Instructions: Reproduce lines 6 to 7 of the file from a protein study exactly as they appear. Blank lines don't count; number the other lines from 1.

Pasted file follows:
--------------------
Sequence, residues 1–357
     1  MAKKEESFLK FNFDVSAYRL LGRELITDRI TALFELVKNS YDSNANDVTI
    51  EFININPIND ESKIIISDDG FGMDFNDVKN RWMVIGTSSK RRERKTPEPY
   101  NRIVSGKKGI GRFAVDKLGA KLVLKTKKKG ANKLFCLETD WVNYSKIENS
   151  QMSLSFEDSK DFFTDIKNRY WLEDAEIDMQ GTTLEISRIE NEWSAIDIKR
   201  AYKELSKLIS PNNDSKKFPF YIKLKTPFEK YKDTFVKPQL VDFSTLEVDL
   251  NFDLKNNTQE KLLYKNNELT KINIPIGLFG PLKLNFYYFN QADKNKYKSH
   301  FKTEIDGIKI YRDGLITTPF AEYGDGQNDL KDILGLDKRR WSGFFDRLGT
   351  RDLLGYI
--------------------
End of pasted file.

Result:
   201  AYKELSKLIS PNNDSKKFPF YIKLKTPFEK YKDTFVKPQL VDFSTLEVDL
   251  NFDLKNNTQE KLLYKNNELT KINIPIGLFG PLKLNFYYFN QADKNKYKSH